Choosing a Milk Cow
One of the many investments beginning farmers make is a milk cow. Having fresh milk in the fridge is wonderful thing, but coming about it does take some work. Even though there is plenty to be done after your first cow arrives, there is also work that should be done beforehand as well. This means taking care to select the right cow for your family as well as having preparations made for her arrival in terms of both a living environment and fitting her milking needs into your schedule.
Truth be told, the ability to cater to a milking schedule is probably the most important part of owning a milk cow. Milking every day at a reasonable time, ideally the same time, and sometimes even twice daily is not something that is negotiable. Therefore the first question we must ask ourselves is if we are going to be able to adhere to such a stringent schedule. There are going to be days when things come up, so you’ll need a backup plan. If you want to go out of town, having someone to take over will be necessary. These are all things you must consider before taking on the responsibility of a milk cow. It can be hard enough to get someone to feed your dog in your absence, but milking your cow is a whole different kind of request.
Before you bring a cow home, you’re going to need somewhere to house, feed, and milk her. A sturdy pen with good fencing is necessary for containment purposes as you don’t want your cow to go gallivanting as she pleases. In that pen needs to be grass and/or hay as well as a place to eat grain if you intend to grain her while milking. Beyond that you’ll need a place to milk her, such as a stanchion or somewhere similar that she can be secured for milking, ideally under a shelter because weather is not always cooperative but milking must occur regardless.
Once you are confident that you are ready for a cow in terms of both scheduling and housing, the next task is actually finding an appropriate cow. You should choose a cow depending on the size of your family and your milk consumption as different breeds produce varying amounts of milk. If you want to not only have milk to drink but also want to make cheeses and butter, then you want a cow that produces more cream, such as a Jersey. A Holstein, on the other hand, produces a lot of milk, to the tune of about eight gallons each day. If you do not have plans to use and/or store that much milk, selecting a different breed is best.
Having decided on a breed of milk cow, you next need to locate one for sale and start asking questions. For starters, ask if she’s been tested for diseases such as Brucelliosis, Johnes, TB, etc. and if those tests came back clear. Then you want to know about her temperament and how she behaves for routine handling. Ideally you want a cow that is halter broke and doesn’t kick, both of which are for your own safety and convenience. Being easy to catch in the pasture is also a huge asset; the first time you are faced with an elusive cow, you will truly appreciate one that meets you at the gate.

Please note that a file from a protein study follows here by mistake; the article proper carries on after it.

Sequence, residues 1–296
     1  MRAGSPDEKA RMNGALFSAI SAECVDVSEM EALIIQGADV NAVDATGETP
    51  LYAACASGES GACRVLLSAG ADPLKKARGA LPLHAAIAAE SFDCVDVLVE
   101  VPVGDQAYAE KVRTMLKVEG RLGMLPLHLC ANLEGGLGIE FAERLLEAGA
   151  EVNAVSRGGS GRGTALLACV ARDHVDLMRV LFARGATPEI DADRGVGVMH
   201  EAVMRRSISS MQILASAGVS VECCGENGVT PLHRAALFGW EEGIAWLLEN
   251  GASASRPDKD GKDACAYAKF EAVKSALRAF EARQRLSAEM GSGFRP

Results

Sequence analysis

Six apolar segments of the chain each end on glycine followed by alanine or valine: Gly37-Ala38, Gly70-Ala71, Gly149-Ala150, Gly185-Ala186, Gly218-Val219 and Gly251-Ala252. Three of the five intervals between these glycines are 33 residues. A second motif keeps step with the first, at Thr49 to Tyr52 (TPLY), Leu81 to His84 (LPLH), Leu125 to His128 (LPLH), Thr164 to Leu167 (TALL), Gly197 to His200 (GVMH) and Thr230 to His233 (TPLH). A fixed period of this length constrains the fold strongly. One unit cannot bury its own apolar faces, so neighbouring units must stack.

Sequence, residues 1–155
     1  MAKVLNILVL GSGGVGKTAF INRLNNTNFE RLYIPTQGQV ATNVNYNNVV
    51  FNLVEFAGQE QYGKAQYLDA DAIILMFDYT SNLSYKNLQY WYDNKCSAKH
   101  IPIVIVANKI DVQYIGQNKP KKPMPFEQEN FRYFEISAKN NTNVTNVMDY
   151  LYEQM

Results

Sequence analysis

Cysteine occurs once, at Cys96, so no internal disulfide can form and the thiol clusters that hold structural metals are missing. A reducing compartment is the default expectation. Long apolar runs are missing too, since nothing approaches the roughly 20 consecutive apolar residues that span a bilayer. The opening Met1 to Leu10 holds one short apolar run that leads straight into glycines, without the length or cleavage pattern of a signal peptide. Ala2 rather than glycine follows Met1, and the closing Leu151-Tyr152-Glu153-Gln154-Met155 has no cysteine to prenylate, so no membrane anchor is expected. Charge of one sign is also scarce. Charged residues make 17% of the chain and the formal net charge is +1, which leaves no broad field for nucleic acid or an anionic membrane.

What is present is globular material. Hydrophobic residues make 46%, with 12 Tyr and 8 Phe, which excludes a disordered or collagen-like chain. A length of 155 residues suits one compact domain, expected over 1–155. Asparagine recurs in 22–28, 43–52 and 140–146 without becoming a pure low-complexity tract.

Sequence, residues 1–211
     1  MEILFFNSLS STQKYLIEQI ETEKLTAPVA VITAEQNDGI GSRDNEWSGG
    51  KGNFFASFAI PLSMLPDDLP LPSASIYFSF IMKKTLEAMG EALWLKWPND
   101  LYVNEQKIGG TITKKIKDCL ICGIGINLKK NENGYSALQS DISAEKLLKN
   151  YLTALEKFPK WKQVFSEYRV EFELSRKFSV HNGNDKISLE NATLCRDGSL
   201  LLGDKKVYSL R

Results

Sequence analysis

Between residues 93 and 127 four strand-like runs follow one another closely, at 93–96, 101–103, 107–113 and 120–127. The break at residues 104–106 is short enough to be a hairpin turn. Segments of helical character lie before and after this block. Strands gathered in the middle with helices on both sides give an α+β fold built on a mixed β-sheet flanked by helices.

When choosing a milk cow it is also important to find out if the cow has a healthy udder. The reason you are buying a milk cow is in order to have milk and no one wants this to be a more complicated process than necessary, such as with a cow that is susceptible to mastitis. Check her udder for lumps and bumps or any irregularities. Ask if all four quarters work as well as if she has had mastitis before and at what frequency it may have recurred. Find out, too, if she milks by hand as well as by machine and how often (once or twice daily). Ideally you should milk her yourself before bringing her home so you can get a feel for all of this yourself.
Since it is essential for a cow to have had offspring in order to come into milk, the milk cow you’re looking at will have obviously had a calf if you’re able to milk her. You’re going to want to know when she calved and if she had any trouble doing so. It is also important to take into account breeding her; depending on how long it’s been since she had a calf, you may need to get her bred again quite soon, which means having access to a bull or having her artificially inseminated. Beyond that, you must remember that cows need to be dried up 60 days before a calf is born and that their gestation period is nine months. After calving, heat cycles will resume in about two or three months, all of which needs to be considered as part of your long term milk plan.
When you look at the big picture, it is certainly possible to feel a little overwhelmed. There is a definite recipe that goes into buying and caring for a milk cow, but it is one that can be achieved with dedication. Plus, once the journey is underway, smooth sailing will come. The trick is establishing a routine that works for you and your new family member so everyone will be happy, healthy, and drinking milk.